Canadian-born Ray Griff was something of a countrypolitan auteur, producing and arranging many of his own albums, playing piano and writing most of his own material. During the 1960s and '70s he established himself as a successful songwriter, with many of his compositions being recorded by stars of the era, most notably Jerry Lee Lewis' version of "Who's Gonna Play This Old Piano." Here's a quick look at his work...
Ray Griff "The World Of Ray Griff" (RCA-Canada, 1977)
A retrospective covering his work from 1965-71... And so far this seems to be the only best-of collection of his work to date.
Ray Griff "A Ray Of Sunshine" (Dot, 1968)
Ray Griff "Ray Griff Sings" (Royal American, 1972) (LP)
Ray Griff "The Entertainer" (GRT, 1972)
Ray Griff "The Middle Of The Road" (GRT, 1973)
Hey, he said it... not me!
Ray Griff "Songs For Everyone" (Dot, 1973) (LP)
(Produced by Ray Griff & Jim Foglesong)
Actually, quite a good record, for the countrypolitan era. Mostly midtempo songs, with lush yet restrained arrangements, good playing throughout, and a strong repertoire featuring several Ray Griff originals. Interesting to hear how he echoes other piano-playing country dudes, particularly Mickey Gilley and Charlie Rich... Highlights include "Darlin'," "Somewhere Between Atlanta And Mobile," "It Rains The Same In Missouri" and "Another Sad Affair," with the title track coming in as a kitschy, goofy '70s sunshine-country classic, with a recitation intro and everything. The only real dud is his cover of "You Can Have Her," but otherwise this is totally worth checking out. Also includes Griff's own version of "Who's Gonna Play This Old Piano."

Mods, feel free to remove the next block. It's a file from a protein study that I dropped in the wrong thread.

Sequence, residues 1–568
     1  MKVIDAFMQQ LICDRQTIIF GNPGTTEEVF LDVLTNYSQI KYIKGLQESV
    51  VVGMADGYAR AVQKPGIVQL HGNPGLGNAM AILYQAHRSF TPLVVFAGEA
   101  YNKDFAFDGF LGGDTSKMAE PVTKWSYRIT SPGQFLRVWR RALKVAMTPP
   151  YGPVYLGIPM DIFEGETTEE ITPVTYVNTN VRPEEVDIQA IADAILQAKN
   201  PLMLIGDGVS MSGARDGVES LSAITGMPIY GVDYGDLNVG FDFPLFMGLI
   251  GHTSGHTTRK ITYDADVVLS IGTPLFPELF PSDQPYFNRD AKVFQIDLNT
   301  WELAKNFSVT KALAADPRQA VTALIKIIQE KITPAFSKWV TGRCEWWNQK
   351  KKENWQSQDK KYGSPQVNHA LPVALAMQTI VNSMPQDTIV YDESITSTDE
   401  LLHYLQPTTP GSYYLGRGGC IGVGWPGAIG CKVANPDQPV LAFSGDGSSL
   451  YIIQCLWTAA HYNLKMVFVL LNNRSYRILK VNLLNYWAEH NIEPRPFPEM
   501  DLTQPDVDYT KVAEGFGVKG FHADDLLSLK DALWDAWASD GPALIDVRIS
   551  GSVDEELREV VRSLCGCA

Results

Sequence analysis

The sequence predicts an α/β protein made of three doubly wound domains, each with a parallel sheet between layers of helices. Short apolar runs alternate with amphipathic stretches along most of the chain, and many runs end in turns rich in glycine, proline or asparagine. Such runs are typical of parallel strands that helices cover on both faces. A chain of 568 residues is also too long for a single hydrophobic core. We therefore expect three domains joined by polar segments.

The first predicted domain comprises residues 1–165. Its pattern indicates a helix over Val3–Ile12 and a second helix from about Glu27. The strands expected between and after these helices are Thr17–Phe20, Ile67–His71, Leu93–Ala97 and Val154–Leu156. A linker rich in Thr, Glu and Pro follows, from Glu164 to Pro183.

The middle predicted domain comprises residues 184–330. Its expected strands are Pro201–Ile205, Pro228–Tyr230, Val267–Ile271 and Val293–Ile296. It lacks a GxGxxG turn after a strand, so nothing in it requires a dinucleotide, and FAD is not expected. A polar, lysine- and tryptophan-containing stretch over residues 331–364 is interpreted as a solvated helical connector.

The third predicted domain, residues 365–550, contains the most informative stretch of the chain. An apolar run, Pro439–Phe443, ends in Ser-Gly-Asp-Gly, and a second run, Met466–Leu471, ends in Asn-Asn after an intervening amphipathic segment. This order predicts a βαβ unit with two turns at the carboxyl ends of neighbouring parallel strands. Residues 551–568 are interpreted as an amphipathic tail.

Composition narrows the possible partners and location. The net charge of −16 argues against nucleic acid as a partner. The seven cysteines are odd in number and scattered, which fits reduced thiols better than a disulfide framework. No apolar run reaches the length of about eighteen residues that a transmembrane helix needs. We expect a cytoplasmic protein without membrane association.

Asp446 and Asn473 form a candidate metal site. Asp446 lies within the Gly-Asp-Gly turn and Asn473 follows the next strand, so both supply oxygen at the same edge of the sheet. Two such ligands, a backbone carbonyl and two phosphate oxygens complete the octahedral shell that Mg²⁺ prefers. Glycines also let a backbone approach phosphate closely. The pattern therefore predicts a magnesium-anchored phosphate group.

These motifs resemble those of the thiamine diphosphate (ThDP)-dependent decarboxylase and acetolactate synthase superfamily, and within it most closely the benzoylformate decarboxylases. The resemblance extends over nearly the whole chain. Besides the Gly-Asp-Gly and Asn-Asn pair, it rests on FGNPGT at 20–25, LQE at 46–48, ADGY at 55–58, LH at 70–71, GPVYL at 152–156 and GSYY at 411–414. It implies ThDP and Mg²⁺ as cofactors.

Ray Griff "Expressions" (ABC-Dot, 1975) (LP)
Ray Griff "Ray Griff" (Capitol, 1976) (LP)
(Produced by Ray Griff)
An unmemorable album, where Griff alternates between gooey, overwrought countrypolitan/sunshine country and hyperactive, somewhat desperate-sounding uptempo numbers. One of these opens the album, the pop-novelty tune, "You Ring My Bell," a bizarrely clumsy song which miraculously charted in the Top 20 -- the one thing that's interesting about it is the odd, tinny tone of the clavinet which Griff himself plays, which comes back later in the album. It's a distinctive sound, but might have been more at home on a psychedelic rock record several years earlier. Most of the songs are duds, although "If I Let Her Come In" wound up being his biggest career hit, narrowly missing the Top Ten. I guess if I had to pick a track to remember off this disc, it would be the album's closer, a heartfelt gospel number called "Dear Jesus," where Griff thanks his savior for giving him talent and the good health to use it. Mostly, though, this is skippable.
Ray Griff "The Last Of The Winfield Amateurs" (Capitol, 1977) (LP)
Ray Griff "Raymond's Place" (Capitol, 1977) (LP)
(Produced by Ray Griff)
Solid songwriting, though his vocals are uneven and the arrangements are often sluggish and seem a little wobbly. I guess this could be seen as more of a songwriter's demo album, although I'm not sure how many of these songs were recorded by other artists. This was his last album for Capitol, and two tracks released as singles wound up charting as strictly Back Forty material. Devoted fans of '70s countrypolitan -- or of the Jerry Lee Lewis ouvre -- might want to check this out, although most casual country fans could just as well skip it.
Ray Griff "Ray's Bar And Grill" (Boot, 1978) (LP)
Hick Music Index